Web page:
NCSER funds research on a broad variety of topics related to infants, children, and young adults with disabilities.
- Early Intervention and Early Learning in Special Education
- Autism Spectrum Disorders
- Cognition and Student Learning in Special Education
- Families of Children with Disabilities
- Mathematics and Science Education
- Professional Development for Teachers and Related Service Providers
- Reading, Writing, and Language Development
- Social and Behavioral Outcomes to Support Learning
- Special Education Policy, Finance, and Systems
- Technology for Special Education
- Transition Outcomes for Secondary Students with Disabilities
As you will see below, some areas receive more financial attention than others. The amount that IES (and NCSER) will have to “spend” varies somewhat from year to year based on the federal budget. Once a project is funded, it typically receives its full “promised” funding for the grant period (e.g., 3 years), unless the project fails to show progress (each year researchers who are funded by IES must submit a full and detailed report of their progress to IES). However, when federal budgets are tight, “popular” topics such as autism and early intervention will typically receive funding, while other topics ( such as technology) may receive limited funding, or no funding in a particular year. The challenge for researchers in areas that sometimes receive less funding is to determine if they can sensibly address their research questions in a “better funded” competition area ( e.g., address important questions related to assistive technology as part of an early intervention research project).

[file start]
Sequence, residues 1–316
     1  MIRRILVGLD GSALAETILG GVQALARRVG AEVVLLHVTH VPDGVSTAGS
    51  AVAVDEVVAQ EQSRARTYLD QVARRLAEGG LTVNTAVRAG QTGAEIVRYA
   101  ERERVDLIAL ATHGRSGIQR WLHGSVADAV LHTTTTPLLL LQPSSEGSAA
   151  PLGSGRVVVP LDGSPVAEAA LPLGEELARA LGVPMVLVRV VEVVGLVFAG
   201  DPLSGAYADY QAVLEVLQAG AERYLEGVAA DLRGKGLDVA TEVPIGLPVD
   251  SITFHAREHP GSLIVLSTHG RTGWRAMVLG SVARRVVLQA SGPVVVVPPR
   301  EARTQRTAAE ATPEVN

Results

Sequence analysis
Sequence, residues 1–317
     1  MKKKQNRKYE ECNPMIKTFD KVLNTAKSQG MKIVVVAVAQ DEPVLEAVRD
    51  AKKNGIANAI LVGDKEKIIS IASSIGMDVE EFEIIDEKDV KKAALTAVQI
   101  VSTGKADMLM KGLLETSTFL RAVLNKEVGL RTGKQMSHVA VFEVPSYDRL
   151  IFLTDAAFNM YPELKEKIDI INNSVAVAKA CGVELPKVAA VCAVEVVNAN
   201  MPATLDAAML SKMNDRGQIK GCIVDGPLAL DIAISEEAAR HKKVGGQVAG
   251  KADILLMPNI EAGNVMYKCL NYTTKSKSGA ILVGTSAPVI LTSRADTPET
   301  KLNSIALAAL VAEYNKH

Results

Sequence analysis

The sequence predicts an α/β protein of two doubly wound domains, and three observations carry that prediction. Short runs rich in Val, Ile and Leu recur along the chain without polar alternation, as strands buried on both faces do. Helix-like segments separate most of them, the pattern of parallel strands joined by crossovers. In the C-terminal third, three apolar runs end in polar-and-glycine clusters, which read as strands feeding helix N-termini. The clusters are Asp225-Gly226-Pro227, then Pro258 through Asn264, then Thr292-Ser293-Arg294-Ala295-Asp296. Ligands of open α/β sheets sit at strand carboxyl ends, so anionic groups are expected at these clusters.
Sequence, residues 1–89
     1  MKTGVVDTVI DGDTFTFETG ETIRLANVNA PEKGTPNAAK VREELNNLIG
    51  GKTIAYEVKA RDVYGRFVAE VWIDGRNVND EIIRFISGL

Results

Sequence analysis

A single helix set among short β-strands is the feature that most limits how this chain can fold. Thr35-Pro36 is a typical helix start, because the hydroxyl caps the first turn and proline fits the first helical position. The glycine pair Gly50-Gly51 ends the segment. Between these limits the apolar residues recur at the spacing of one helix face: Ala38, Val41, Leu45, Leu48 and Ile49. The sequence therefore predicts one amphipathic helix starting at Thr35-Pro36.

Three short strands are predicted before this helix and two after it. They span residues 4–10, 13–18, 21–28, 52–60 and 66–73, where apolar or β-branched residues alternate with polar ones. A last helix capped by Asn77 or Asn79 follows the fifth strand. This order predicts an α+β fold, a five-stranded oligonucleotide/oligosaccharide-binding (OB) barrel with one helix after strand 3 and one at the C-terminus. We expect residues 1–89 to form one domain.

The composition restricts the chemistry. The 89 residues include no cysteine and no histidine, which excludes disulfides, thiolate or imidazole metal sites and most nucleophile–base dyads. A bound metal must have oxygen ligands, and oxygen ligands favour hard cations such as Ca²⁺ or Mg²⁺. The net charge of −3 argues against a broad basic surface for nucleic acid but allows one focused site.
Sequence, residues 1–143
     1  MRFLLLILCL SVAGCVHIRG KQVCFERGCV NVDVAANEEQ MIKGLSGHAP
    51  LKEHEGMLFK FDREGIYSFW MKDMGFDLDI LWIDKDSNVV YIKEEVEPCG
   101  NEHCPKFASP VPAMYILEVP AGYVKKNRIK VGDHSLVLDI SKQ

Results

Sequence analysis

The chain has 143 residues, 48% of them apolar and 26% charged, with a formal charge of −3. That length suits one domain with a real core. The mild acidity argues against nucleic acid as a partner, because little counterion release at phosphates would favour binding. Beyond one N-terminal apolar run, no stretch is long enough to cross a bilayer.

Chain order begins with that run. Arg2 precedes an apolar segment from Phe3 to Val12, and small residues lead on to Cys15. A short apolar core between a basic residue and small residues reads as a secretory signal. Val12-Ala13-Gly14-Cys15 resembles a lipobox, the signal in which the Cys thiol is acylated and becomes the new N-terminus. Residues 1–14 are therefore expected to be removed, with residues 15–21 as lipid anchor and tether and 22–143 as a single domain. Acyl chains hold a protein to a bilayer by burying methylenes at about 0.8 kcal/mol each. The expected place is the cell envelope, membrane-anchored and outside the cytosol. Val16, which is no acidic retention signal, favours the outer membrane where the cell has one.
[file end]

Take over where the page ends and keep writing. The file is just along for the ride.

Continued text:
Although early intervention is typically the largest single category, research funding is spread evenly across the age groups.